903 Visible Bleeding upon Brushing and Clinical Gingivitis Severity

Friday, March 23, 2012: 2 p.m. - 3:15 p.m.
Presentation Type: Poster Session
I. MAGNUSSON1, J. DOUBERLY1, B. HALES1, M.L. BARKER2, and R. GERLACH2, 1College of Dentistry, University of Florida, Gainesville, FL, 2Health Care Research Center, Procter & Gamble Company, Mason, OH
Objectives: This pilot study was conducted to evaluate relationships between visible bleeding upon brushing (subject and hygienist) and clinical gingivitis severity. 

Methods: Informed consent was obtained from generally healthy adults with gingival bleeding (10+ sites).  Enrolled subjects brushed thoroughly under supervision using a regular anticavity dentifrice and soft manual brush.  Before rinsing, subjects expectorated into a white cup, and the presence/absence of visible bleeding in expectorate was assessed separately by the subject and a hygienist.  After self and hygienist bleeding assessment, an experienced clinical examiner measured whole mouth gingivitis using a standard index (Loe-Silness GI), bleeding sites were derived from GI site scores of 2+, and logistic regression modeling was used to predict the likelihood of bleeding perception by clinical bleeding severity.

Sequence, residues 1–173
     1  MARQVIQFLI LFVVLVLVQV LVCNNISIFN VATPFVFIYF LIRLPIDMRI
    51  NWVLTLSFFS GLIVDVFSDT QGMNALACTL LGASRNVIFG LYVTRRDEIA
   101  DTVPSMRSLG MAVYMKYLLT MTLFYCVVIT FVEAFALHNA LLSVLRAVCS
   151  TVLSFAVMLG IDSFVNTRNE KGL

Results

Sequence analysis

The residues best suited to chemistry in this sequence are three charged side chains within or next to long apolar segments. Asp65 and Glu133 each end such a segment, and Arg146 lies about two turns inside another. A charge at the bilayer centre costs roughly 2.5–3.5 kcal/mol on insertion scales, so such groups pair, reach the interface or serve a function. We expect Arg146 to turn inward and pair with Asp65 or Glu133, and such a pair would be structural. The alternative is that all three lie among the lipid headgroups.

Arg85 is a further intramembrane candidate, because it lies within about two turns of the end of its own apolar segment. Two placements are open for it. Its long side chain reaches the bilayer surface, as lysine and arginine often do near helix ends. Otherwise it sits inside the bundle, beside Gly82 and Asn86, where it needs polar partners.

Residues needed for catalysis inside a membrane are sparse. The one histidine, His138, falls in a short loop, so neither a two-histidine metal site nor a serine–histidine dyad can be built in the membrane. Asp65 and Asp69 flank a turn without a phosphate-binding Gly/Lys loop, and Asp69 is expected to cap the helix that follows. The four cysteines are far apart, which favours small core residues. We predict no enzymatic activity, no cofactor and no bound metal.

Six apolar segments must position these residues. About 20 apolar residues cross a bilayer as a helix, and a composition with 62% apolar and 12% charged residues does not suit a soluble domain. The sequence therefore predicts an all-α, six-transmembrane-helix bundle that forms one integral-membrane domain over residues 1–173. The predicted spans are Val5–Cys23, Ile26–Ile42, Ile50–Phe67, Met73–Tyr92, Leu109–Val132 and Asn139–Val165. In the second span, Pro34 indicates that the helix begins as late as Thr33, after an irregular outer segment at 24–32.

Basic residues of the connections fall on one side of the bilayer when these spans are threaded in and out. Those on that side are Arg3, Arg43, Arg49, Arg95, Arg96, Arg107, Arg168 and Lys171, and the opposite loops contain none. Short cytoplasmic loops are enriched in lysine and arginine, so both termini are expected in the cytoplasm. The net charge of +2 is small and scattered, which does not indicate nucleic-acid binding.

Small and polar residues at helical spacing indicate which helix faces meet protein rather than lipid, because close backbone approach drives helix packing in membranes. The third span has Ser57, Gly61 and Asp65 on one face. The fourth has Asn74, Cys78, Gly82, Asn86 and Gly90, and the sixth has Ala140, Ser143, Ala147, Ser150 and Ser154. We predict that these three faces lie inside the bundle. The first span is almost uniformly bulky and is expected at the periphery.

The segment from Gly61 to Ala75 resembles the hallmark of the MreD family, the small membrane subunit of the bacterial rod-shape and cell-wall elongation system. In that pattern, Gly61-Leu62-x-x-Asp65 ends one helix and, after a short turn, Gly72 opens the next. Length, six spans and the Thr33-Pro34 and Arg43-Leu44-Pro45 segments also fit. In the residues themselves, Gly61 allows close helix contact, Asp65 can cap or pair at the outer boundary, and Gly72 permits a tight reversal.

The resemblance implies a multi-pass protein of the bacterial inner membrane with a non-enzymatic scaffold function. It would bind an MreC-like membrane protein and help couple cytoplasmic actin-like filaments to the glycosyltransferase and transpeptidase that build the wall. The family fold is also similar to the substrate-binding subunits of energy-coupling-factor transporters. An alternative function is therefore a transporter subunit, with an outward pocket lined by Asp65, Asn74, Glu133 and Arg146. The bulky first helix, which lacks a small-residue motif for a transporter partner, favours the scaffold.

Results: 35 subjects (mean age of 37 years, 46% female) participated in the survey, of which, 34% identified visible bleeding in expectorate.  There was 100% in agreement between self and hygienist scoring of evident bleeding.  The population exhibited considerable variation in clinical bleeding, ranging from 13-80 sites, and on average, bleeding was detected at 24.3% of sites (SD=8.7).  Subjects reporting visible bleeding had a higher proportion of bleeding sites (29.5% vs. 21.6%), differing significantly (p=0.009) from those who did not report bleeding.  In the regression model, every 10% increase in proportion of clinical bleeding sites significantly (p=0.02) increased the odds ratio of visible bleeding by 3.52. 

Conclusions: Individuals with visible bleeding after a single brushing had a significant 37% increase in the proportion of bleeding sites measured on clinical examination compared those without evident bleeding.      

This abstract is based on research that was funded entirely or partially by an outside source: Sponsored by Procter & Gamble

Keywords: Blood, Diagnosis, Epidemiology, Gingivitis and Oral hygiene
Presenting author's disclosure statement: Research sponsored by Procter & Gamble
See more of: Oral Hygiene Care
See more of: Oral Health Research